Leicester Castle.
The Turret Gateway, by Leicester Castle. Photograph: Andrzej Bielak/Alamy

The narrow, gently arcing New Street looks north towards Peacock Lane and perfectly frames the steep spire of Leicester Cathedral between some handsome brick Georgian townhouses. The street also allows a glimpse into the notorious car park that once commanded the attention of the world’s media, and through the drizzle I’m reminded again how amusing it is that the lost king was unearthed somewhere so crushingly mundane.

The rain picks up as Hackett guides me south towards the Magazinean imposing sandstone gateway built around 1410 under which Richard’s body would probably have passed on horseback after his defeat. It now sits incongruously on the busy Vaughan Way and looks even stranger next to the glassy turquoise frame of De Montford University’s Hugh Aston Building. I’d gawp at it longer, but the rain twinned with the groan of traffic on hissing asphalt forces us to move on.

A bronze statue of Richard III outside the visitor centre.
A bronze statue of Richard III outside the visitor centre. Photograph: David Warren/Alamy

The Newarke is a pretty hodgepodge of Georgian and Victorian architecture, flanked to the north by Trinity Hospital and the university’s handsome Hawthorne Building to the south. Hidden away beside a lecture hall, we come across the only surviving arches from the destroyed Church of the Annunciation of the Blessed Mary, where it’s thought that the victorious Henry Tudor put Richard’s body on display for three days, as indisputable proof that the king was indeed dead.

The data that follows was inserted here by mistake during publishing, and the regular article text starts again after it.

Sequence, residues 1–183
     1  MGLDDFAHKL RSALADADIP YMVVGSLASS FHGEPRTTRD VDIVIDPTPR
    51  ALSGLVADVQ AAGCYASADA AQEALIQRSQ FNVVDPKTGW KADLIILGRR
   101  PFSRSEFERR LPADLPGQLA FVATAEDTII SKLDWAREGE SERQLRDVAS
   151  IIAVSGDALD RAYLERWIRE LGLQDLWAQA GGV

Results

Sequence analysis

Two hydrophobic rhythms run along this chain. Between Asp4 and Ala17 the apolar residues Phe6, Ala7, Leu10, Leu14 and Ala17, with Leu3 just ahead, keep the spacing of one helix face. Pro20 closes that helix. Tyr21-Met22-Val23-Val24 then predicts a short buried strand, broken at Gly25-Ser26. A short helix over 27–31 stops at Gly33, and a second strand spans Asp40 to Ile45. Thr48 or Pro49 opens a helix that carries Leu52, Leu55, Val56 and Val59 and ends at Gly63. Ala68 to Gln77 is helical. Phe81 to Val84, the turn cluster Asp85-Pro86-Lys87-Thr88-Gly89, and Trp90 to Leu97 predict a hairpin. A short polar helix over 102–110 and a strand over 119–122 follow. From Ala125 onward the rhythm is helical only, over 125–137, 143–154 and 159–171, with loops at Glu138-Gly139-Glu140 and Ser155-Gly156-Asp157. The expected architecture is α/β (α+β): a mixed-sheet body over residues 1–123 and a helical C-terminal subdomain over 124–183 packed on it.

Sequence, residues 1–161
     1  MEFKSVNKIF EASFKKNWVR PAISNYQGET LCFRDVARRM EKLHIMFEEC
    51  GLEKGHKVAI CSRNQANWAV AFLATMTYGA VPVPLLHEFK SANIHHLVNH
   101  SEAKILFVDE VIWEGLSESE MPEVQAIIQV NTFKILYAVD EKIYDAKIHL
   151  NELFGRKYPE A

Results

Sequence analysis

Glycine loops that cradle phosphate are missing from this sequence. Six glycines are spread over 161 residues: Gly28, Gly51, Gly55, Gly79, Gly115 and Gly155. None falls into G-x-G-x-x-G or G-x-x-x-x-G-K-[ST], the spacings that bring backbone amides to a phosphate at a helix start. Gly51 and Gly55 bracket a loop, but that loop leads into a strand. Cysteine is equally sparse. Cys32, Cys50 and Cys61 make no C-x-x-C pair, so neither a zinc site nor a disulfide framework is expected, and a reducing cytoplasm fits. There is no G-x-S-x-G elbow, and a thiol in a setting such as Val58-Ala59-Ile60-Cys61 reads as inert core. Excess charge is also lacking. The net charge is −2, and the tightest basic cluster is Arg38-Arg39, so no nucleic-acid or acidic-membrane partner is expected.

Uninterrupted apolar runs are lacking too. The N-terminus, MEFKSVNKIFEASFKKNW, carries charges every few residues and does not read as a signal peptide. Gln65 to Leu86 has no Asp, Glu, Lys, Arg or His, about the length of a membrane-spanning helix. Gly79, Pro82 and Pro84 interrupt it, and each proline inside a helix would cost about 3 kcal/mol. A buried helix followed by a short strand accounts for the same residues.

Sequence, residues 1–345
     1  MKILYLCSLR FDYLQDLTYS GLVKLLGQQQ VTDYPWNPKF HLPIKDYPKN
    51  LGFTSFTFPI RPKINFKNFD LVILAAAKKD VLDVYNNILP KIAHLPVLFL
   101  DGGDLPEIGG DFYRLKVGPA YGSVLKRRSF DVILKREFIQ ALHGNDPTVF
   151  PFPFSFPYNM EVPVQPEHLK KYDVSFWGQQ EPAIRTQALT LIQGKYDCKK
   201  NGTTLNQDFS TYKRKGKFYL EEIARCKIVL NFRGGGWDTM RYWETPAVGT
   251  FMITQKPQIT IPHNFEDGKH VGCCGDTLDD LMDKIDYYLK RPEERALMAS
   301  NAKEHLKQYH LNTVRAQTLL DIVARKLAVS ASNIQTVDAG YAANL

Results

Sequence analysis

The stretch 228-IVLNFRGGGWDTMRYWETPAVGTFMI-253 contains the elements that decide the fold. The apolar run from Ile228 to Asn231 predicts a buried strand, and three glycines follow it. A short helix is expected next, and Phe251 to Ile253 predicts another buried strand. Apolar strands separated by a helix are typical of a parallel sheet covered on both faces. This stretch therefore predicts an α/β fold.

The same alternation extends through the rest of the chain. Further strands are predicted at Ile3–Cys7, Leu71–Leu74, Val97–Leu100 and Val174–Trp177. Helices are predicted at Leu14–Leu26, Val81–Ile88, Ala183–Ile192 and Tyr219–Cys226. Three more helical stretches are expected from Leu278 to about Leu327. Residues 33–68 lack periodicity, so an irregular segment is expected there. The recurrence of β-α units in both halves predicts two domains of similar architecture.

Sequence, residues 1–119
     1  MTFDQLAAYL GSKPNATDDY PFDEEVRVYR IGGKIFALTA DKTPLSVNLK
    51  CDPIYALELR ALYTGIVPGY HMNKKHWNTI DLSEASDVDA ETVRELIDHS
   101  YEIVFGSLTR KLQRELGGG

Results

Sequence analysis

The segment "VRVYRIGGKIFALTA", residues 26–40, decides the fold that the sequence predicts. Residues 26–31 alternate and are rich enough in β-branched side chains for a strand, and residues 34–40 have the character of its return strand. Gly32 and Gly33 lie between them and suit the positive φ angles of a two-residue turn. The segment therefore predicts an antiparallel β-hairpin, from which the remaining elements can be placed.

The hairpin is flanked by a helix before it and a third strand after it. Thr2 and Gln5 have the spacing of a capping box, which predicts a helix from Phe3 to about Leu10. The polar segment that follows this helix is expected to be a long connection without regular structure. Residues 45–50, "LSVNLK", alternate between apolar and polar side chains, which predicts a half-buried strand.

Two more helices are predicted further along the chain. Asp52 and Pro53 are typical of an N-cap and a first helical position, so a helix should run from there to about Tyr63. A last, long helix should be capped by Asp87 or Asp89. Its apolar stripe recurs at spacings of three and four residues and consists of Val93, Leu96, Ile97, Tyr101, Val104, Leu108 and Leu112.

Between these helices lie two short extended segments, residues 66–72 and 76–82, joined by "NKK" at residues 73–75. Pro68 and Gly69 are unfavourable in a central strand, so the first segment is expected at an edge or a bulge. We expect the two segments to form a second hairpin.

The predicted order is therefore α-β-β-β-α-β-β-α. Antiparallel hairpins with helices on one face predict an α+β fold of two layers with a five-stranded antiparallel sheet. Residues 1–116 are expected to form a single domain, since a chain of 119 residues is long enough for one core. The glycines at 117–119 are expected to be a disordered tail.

“At the moment we tell the story of Richard III, but I do think we need to start telling more of the story of Henry Tudor,” says Hackett as we exit. “He’s the beginning of the Tudor period. So Leicester was the site of two kings – where one king ended his life, and another started his.”

Inside the King Richard III visitor centre.
Inside the King Richard III visitor centre

We pass beneath the Turret Gateway on Castle View, another formidable 15th-century stone gateway and, as the incessant rain crackles against my umbrella, we dive inside the recently reopened Castle pub for a beer away from the deluge.